What, if anything, do Senate hearings achieve?
Certainly, there's a place for hearings before the Senate when it entails shining a spotlight on an issue that needs public attention. But when an issue is already front and center in the national consciousness -- do we really need to see our national leaders grandstanding?
It doesn't take a genius to recognize how awful the child-molestation case at Penn State really is. Everyone in America is clear on two things: that sexual assault on children is wrong, and that the failure to report a crime of that significance is also wrong.
But that doesn't keep our elected officials from wanting to go in front of the camera to express their outrage as well. U.S. Sen. Bob Casey, D-Penn., has requested a hearing before a Senate subcommittee.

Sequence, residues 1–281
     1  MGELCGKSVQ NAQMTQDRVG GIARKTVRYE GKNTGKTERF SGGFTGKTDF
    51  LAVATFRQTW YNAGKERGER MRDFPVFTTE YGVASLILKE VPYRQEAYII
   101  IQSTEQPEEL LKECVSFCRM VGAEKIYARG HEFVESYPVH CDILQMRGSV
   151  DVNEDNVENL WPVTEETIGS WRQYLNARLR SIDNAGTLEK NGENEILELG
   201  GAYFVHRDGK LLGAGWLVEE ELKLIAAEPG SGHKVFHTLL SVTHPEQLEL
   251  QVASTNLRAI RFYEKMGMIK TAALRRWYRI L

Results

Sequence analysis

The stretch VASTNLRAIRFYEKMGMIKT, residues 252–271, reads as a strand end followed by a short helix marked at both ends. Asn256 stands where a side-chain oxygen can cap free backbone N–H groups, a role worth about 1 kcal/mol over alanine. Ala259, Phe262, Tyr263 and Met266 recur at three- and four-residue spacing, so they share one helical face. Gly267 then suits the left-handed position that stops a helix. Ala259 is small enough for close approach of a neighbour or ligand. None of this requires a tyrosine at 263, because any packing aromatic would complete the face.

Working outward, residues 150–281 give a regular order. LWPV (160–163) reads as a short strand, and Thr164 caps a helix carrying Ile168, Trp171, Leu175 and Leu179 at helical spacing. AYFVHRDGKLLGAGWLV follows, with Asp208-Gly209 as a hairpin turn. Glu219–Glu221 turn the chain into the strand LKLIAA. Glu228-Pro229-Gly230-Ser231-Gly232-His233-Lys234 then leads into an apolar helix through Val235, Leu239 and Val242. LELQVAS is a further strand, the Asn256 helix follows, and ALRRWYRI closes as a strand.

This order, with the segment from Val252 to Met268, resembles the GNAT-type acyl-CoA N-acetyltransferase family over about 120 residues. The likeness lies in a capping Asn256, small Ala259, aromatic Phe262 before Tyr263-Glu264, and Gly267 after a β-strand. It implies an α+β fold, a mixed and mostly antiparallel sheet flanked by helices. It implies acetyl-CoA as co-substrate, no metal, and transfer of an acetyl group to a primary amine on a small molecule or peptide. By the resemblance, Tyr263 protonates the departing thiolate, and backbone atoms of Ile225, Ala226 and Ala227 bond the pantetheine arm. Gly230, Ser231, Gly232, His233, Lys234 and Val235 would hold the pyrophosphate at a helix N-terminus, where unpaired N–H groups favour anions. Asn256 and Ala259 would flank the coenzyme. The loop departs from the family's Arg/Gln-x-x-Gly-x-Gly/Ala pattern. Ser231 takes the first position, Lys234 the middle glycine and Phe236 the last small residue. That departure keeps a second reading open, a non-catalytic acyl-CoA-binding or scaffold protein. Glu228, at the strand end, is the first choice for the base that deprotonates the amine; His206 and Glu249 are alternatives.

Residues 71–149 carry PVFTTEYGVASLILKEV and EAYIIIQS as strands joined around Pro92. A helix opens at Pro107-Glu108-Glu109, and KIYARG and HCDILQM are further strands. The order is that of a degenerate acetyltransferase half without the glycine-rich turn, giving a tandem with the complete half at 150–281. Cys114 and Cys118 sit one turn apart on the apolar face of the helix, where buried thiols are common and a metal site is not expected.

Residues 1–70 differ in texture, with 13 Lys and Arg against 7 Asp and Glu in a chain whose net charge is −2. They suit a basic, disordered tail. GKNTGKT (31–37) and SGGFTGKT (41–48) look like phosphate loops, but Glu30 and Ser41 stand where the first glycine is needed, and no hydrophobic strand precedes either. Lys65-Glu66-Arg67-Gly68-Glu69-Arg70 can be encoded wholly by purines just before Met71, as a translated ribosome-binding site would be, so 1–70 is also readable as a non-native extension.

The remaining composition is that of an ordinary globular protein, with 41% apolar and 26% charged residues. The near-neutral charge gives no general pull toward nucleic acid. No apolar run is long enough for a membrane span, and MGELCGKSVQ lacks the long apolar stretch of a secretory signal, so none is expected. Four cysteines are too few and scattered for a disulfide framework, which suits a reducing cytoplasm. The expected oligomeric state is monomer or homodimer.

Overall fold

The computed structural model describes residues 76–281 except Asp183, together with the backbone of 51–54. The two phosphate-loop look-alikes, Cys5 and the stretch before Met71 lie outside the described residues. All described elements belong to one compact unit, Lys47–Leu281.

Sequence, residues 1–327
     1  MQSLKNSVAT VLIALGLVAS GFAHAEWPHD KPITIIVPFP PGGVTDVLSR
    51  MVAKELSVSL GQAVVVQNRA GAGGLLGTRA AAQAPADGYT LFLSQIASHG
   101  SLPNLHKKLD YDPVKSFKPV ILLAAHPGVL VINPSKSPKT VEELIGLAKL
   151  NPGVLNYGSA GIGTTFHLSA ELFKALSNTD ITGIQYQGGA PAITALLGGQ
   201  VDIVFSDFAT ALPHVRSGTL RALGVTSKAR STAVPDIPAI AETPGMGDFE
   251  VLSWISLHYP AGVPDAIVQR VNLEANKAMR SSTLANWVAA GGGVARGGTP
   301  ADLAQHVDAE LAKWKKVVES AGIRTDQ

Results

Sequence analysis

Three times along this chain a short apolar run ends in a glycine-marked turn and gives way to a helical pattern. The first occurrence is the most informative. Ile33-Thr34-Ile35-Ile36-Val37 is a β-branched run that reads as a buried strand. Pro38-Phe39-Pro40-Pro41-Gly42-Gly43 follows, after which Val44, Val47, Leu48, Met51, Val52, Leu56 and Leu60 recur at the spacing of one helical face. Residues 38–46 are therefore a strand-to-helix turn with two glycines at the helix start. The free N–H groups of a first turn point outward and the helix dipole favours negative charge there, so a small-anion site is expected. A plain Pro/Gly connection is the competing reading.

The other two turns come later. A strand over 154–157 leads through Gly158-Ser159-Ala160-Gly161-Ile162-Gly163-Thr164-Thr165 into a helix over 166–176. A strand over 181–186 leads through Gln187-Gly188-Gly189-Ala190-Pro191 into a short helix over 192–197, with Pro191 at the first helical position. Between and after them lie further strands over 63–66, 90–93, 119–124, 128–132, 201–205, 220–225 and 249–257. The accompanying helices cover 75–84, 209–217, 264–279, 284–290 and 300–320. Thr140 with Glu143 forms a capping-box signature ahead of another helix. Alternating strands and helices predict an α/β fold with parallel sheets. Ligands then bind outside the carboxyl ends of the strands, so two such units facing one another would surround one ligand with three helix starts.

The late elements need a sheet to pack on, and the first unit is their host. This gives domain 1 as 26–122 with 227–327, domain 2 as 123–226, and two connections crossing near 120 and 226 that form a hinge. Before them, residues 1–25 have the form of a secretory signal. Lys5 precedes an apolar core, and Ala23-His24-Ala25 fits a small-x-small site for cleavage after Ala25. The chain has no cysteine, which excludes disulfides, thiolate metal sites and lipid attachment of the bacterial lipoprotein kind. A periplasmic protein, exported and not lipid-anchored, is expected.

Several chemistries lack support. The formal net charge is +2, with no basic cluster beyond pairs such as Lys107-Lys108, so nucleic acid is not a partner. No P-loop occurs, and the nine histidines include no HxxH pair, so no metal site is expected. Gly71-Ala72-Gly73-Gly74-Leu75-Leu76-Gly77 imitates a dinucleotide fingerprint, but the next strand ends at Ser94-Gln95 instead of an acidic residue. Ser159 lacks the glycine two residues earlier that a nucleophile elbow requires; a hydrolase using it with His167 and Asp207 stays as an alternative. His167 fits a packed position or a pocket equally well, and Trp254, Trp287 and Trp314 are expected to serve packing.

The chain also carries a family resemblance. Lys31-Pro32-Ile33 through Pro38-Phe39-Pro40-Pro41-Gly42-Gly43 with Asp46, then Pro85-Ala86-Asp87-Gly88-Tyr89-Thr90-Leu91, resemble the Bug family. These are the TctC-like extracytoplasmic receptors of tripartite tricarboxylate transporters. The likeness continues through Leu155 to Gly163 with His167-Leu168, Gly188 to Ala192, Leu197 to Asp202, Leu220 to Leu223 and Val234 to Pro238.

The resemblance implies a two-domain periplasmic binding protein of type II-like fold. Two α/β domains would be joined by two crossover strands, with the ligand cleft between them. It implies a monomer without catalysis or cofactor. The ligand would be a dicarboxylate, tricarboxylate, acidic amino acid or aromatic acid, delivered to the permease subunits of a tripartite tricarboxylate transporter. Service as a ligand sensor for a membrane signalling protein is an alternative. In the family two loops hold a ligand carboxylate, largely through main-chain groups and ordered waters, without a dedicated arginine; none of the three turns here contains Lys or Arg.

He said he wanted to see how well federal laws protect children. Note to Sen. Casey: there are a lot of laws already. We poor ignorant citizens actually know that the Penn State situation is wrong and is outrageous. We don't need these senators to get up and tell us that.
We don't need any new laws here, folks. There are plenty of laws at the state level that govern child molest and the failure to report it.
Please, senators. Spare us the speechifying. We get it. Now how about doing something about the $15 trillion debt?